Socially and culturally, North America presents a well-defined entity. Canada and the United States have a similar culture and similar traditions as a result of both countries being former British colonies. A common cultural and economic market has developed between the two nations because of the strong economic and historical ties. Spanish-speaking North America shares a common past as former Spanish colonies. In Mexico and the Central American countries where civilizations like the Maya developed, indigenous people preserve traditions across modern boundaries. Central American and Spanish-speaking Caribbean nations have historically had more in common due to geographical proximity and the fact that, after winning independence from Spain. Northern Mexico, particularly cities such as Monterrey, Tijuana, Ciudad Juárez, and Mexicali are strongly influenced by the culture and way of life of the U.S. Immigration to the United States and Canada remains a significant attribute of many nations close to the southern border of the U.S. As the British Empire and its influences declined, the Anglophone Caribbean states have witnessed the economic influence of northern North America increase on the region. In the Anglophone Caribbean this influence is in part due to the fact that the majority of English-speaking Caribbean countries have populations of less than 200,000 people and many of these countries now have expatriate diasporas living abroad that are larger than those remaining at home.
Economically, Canada and the United States are the wealthiest and most developed nations in the continent, followed by Mexico, a newly industrialized country; the countries of Central America and the Caribbean are at various levels of development. The most important trade blocs are the Caribbean Community and Common Market (CARICOM), the North American Free Trade Agreement (NAFTA), and the recently signed Central American Free Trade Agreement (CAFTA)—the last of these being an example of the economic integration sought by the nations of this sub-region as a way to improve their financial status.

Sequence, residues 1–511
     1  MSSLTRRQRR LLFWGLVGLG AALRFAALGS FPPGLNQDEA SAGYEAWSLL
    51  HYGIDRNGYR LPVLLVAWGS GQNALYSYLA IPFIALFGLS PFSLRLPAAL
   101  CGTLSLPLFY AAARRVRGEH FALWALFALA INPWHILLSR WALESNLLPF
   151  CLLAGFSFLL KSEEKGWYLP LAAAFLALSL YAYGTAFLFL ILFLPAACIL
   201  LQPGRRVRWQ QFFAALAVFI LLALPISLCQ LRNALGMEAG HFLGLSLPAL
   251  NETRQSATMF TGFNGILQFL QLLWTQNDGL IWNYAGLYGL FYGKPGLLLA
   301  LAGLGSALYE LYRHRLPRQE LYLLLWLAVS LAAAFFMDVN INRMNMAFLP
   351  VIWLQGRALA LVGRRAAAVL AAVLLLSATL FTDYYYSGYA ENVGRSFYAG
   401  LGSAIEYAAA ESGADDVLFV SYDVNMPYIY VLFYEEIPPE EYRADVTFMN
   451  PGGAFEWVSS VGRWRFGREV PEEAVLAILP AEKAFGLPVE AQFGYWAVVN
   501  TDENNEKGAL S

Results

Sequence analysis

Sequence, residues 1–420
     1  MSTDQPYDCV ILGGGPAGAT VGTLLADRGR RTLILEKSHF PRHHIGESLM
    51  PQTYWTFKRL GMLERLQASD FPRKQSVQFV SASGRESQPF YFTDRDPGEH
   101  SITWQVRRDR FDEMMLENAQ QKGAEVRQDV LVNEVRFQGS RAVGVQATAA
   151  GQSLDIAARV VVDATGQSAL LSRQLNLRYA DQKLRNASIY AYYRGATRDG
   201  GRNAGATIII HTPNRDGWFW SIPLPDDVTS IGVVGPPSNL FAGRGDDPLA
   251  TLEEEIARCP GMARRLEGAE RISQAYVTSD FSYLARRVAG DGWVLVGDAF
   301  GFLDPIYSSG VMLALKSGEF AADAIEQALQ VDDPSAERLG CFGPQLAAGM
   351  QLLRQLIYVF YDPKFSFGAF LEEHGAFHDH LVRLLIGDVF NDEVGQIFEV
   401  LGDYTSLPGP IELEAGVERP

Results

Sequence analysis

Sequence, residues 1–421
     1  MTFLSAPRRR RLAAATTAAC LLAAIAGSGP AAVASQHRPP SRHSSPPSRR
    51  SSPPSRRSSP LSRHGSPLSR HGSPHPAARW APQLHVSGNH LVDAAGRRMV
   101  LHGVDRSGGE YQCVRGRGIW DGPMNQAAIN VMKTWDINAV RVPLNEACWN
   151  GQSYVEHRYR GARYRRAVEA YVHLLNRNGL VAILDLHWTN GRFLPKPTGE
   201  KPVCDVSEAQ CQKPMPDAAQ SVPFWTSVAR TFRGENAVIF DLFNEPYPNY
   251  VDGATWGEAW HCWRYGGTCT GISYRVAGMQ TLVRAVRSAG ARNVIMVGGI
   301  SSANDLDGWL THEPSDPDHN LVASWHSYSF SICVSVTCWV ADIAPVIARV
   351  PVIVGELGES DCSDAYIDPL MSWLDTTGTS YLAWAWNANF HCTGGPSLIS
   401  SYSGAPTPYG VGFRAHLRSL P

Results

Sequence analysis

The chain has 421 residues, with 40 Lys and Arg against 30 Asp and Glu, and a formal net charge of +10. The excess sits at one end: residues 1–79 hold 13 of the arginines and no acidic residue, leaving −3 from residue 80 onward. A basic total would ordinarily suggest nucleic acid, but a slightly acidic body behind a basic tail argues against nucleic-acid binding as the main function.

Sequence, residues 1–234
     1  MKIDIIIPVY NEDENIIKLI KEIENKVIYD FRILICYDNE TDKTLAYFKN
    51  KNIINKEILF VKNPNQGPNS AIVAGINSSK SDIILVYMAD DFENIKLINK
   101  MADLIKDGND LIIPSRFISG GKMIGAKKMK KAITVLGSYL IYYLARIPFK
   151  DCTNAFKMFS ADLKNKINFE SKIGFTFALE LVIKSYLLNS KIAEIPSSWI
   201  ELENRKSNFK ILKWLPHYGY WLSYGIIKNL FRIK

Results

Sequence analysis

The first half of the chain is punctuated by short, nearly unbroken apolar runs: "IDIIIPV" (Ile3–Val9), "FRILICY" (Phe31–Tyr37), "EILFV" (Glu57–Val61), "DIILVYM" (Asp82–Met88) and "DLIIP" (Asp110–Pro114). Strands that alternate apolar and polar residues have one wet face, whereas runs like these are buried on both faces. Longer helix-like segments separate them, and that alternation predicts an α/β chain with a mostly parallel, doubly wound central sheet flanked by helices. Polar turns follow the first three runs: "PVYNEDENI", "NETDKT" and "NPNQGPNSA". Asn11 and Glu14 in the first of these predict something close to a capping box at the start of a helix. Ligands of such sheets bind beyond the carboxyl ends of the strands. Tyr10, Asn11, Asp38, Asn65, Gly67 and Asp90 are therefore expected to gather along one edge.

Demographically, North America is a racially and ethnically diverse continent. Its three main racial groups are Whites, Mestizos and Blacks (chiefly African-Americans and Afro-Caribbeans). There is a significant minority of Native Americans and Asians among other less numerous groups.
Countries and territories
North America is often divided into subregions but no universally accepted divisions exist. Central America comprises the southern region of the continent, but its northern terminus varies between sources. Geophysically, the region starts at the Isthmus of Tehuantepec in Mexico (namely the Mexican states of Campeche, Chiapas, Tabasco, Quintana Roo, and Yucatán). The United Nations geoscheme includes Mexico in Central America; conversely, the European Union excludes both Mexico and Belize from the area. Geopolitically, Mexico is frequently not considered a part of Central America.
Northern America is used to refer to the northern countries and territories of North America: Canada, the United States, Greenland, Bermuda, and St. Pierre and Miquelon. They are often considered distinct from the southern portion of the Americas, which largely comprise Latin America. The term Middle America is sometimes used to collectively refer to Mexico, the nations of Central America, and the Caribbean.
(July 2008 est.)
|Anguilla (UK)||102||14,108||138.3||The Valley|
|Antigua and Barbuda||443||84,522||190.8||St. John’s|
|British Virgin Islands (UK)||153||24,041||157.1||Road Town|
|Cayman Islands (UK)||262||47,862||182.7||George Town|
|Clipperton Island (France)||6||0||0.0||—|
|Costa Rica||51,100||4,195,914||82.1||San José|
|Dominican Republic||48,730||9,507,133||195.1||Santo Domingo|
|El Salvador||21,040||7,066,403||335.9||San Salvador|
|Montserrat (UK)||102||5,079||49.8||Plymouth; Brades|
|Navassa Island (USA)||5||0||0.0||—|
|Netherlands Antilles (Netherlands)||960||225,369||234.8||Willemstad|
|Puerto Rico (USA)||8,870||3,958,128||446.2||San Juan|
|Saint Barthélemy (France)||21||7,492||356.8||Gustavia|
|Saint Kitts and Nevis||261||39,817||152.6||Basseterre|
|Saint Martin (France)||54||29,376||544.0||Marigot|
|Saint Pierre and Miquelon (France)||242||7,044||29.1||Saint-Pierre|
|Saint Vincent and the Grenadines||389||118,432||304.5||Kingstown|
|Trinidad and Tobago||5,128||1,047,366||204.2||Port of Spain|
|Turks and Caicos Islands (UK)||430||22,352||52.0||Cockburn Town|
|United States||9,826,630||303,824,640||33.2||Washington, D.C.|
|U.S. Virgin Islands (USA)||346||109,840||317.5||Charlotte Amalie|